Pubdate: Sat, 13 Jun 2015
Source: Argus Leader (Sioux Falls, SD)
Copyright: 2015 Argus Leader
Author: Mark Walker


An Emery Woman Is the Latest Advocate Attempting to Legalize Medical 
Marijuana in South Dakota

Six-hundred fifty miles.

That's the length Melissa Mentele has gone in search of relief.

Mentele has lived with chronic pain since a 2012 workplace injury. 
She was moving a nursing home resident who suddenly resisted, 
permanently damaging Mentele's arm and shoulder in the process.

Three years and a dozen medications later, she's only found one that 
helps: cannabis lotion.

It's a cream derived from the cannabis plant, more commonly known as 
marijuana, and it's illegal in South Dakota. Mentele drove 650 miles 
to Boulder, Colo., in October and again in February to get the treatment.

The Emery woman is the latest advocate attempting to legalize medical 
marijuana in South Dakota. She filed paperwork with the attorney 
general's office this week that could lead to the state becoming the 
next to allow medical marijuana.

Similar efforts by others failed in 2006 and 2010. Mentele's proposal 
will face opposition from law enforcement and the medical 
establishment, which worry about unintended consequences.

But medical marijuana backers also believe times are changing, and 
that the adoption of medical marijuana in other states, including 
Colorado and Minnesota, could change the discussion here.

Supporters include people like George Hendrickson, whose 2-year-old 
son Eliyah has a rare form of intractable epilepsy known as Dravet syndrome.

Until recently, Eliyah's parents slept in shifts to monitor his 
seizures at night.

"People don't realize when you start taking care of a child with 
Dravet you don't have a savings account," Hendrickson said. "We have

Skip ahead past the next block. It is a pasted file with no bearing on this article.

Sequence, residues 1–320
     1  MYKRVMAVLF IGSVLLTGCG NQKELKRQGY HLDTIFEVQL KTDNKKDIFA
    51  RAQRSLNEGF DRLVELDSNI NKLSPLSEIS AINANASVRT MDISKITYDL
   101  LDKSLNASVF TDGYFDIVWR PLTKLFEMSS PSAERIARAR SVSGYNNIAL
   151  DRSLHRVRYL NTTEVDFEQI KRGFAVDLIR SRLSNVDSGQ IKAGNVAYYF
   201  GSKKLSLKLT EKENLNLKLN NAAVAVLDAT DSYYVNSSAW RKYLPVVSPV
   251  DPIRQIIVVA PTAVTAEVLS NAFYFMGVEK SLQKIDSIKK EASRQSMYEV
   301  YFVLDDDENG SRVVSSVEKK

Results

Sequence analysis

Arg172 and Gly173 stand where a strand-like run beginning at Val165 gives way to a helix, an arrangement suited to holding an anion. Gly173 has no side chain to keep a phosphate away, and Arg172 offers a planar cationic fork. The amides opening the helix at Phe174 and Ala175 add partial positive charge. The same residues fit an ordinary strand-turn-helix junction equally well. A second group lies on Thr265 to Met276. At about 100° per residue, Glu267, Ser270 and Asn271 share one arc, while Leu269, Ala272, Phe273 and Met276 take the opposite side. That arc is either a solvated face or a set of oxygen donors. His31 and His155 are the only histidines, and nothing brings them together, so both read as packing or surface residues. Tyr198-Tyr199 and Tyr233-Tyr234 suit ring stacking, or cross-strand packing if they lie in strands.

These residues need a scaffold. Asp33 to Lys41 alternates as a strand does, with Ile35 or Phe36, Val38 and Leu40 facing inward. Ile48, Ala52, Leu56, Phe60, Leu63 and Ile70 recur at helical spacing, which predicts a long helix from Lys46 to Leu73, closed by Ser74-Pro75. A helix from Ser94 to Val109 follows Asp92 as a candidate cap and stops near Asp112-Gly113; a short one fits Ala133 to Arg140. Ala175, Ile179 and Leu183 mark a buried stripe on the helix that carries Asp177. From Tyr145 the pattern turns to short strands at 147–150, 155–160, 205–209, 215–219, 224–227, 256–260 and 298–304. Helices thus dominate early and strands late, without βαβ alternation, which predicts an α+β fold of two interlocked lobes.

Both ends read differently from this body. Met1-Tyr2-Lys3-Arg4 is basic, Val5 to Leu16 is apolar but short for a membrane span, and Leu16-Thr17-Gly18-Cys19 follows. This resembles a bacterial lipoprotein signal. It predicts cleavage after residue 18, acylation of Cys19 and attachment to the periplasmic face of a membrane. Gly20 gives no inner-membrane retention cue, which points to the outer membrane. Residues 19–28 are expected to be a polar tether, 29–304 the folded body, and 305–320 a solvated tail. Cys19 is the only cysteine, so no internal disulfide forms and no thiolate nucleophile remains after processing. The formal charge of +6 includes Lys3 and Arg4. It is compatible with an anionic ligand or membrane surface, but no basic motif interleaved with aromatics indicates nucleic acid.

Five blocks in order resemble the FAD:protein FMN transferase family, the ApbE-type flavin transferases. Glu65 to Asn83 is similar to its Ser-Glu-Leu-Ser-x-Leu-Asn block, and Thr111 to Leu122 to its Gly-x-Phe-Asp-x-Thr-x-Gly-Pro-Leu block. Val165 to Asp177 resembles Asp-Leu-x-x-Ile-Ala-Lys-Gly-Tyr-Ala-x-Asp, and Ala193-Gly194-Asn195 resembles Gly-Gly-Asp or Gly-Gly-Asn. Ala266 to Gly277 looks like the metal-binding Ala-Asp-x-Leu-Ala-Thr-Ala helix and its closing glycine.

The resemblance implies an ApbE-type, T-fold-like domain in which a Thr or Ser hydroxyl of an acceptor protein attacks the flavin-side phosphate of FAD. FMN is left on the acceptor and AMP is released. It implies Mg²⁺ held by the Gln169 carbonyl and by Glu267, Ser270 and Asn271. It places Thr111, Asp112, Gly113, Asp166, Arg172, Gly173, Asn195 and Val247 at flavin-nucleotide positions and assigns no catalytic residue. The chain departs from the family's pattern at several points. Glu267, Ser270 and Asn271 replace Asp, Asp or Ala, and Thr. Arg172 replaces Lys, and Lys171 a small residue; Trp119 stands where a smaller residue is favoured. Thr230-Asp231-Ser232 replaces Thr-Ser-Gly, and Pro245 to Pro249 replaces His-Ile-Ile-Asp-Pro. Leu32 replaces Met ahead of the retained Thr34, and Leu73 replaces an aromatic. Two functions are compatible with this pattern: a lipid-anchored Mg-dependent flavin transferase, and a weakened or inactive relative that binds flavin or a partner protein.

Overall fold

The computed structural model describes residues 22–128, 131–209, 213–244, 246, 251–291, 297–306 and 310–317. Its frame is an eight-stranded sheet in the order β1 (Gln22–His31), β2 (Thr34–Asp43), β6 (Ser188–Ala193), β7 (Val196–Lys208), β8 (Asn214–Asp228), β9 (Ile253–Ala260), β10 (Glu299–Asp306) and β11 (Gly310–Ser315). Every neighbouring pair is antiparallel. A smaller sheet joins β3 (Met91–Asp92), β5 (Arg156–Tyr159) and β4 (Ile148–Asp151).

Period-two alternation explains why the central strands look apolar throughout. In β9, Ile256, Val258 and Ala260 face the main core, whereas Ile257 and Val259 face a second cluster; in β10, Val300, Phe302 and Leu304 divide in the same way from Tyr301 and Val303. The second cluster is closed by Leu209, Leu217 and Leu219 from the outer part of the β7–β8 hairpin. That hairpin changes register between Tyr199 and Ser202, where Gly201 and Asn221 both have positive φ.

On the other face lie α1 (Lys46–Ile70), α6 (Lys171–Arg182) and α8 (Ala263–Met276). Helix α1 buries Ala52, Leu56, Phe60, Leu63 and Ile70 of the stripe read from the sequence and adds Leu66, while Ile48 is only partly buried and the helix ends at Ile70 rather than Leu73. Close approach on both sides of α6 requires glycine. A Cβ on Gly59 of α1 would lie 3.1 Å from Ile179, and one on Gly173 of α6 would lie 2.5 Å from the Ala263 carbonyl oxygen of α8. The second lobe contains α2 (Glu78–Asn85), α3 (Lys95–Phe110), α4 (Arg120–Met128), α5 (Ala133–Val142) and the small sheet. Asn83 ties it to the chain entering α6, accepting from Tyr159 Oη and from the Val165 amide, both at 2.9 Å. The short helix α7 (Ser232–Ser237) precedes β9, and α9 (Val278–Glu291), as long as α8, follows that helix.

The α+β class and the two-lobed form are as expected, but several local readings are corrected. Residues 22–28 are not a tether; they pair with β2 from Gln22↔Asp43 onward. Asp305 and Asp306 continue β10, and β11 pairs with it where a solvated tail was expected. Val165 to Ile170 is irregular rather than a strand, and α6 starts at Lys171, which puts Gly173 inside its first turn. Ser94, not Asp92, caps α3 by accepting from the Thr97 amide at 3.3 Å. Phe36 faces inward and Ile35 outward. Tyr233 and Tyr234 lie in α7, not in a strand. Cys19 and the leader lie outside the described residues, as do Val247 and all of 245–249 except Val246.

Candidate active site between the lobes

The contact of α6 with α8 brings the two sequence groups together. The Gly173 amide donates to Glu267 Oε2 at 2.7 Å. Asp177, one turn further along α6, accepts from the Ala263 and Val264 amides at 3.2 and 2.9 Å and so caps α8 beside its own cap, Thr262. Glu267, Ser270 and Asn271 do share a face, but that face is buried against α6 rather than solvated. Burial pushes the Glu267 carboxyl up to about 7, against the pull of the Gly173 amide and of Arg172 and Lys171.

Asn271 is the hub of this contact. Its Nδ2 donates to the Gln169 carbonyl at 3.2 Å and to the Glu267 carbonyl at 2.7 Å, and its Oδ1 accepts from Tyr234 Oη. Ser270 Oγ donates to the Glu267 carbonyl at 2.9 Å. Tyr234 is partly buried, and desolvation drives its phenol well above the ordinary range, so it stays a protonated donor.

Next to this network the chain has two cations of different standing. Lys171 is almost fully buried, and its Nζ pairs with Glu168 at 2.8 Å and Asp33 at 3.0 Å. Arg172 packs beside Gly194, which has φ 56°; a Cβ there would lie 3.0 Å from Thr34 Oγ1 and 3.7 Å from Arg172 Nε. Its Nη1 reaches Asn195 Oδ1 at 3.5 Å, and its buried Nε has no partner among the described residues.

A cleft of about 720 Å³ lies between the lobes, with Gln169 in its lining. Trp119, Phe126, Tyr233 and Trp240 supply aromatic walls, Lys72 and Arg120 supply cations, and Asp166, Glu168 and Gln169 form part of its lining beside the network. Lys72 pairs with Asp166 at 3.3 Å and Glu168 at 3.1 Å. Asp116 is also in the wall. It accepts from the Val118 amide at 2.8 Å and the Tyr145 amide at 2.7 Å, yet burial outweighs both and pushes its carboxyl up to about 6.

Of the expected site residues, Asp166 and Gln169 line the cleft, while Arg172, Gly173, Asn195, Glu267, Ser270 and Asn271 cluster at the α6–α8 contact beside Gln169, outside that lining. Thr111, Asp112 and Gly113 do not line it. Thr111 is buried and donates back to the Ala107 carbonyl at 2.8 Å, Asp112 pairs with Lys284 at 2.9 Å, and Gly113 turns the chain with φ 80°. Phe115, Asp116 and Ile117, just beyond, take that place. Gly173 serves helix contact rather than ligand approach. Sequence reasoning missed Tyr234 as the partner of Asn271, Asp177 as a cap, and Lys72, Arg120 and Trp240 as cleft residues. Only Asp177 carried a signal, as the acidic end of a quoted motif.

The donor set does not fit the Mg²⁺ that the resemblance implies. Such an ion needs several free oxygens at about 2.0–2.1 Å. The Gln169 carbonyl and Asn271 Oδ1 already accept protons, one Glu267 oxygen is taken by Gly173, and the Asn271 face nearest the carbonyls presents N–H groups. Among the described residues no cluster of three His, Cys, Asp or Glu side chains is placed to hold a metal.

a $16,000 breathing machine... to declog his lungs so he can breathe 
because he gets all kind of respiratory issues because of his Dravet."

The disorder affects one in 30,000 children, according to the Dravet 
Foundation. Recently, though, a compound found in marijuana called 
CDB has been discussed as a possible treatment.

Hendrickson has repeatedly traveled to Colorado with his son to see a 
doctor, but the trip is expensive and has to be done in stages 
because of Eliyah's condition.

The Colorado doctor can't legally prescribe medical cannabis for him, 
so he instead recommended a series of other medication that help 
manage his condition. Eliyah receives 10 doses in the morning, three 
at noon, three in the evening and three more at night.

Hendrickson said he and his wife have contemplated moving to 
Colorado, but worry about finding jobs and housing. Instead, they 
hope South Dakota voters might support medical marijuana.

Mentele founded the South Dakota Family Coalition in November. The 
organization helps put South Dakota families like the Hendricksons in 
touch with treatment options in Colorado.

"Our primary focus is educating and helping people find the resources 
they need, to get the medicine they need," Mentele said.

Her next goal is to bring those treatments here. Mentele needs to 
collect more than 13,000 signatures to put her proposal to legalize 
medical marijuana to a statewide public vote in 2016.

The initiative would allow qualifying patients to receive a 
registration card from the South Dakota Health Department that 
details their medical condition. Non-South Dakota residents would be 
allowed to use registration cards from other states.

Patients would be allowed 3 ounces of marijuana and a minimum of six 
plants if cultivation is allowed. Quantities of other marijuana 
products would be determined by the state Health Department.

South Dakota voters previously defeated attempts to legalize medical 
marijuana. In 2006, 48 percent of voters supported a ballot measure. 
Four years later, support fell to 37 percent.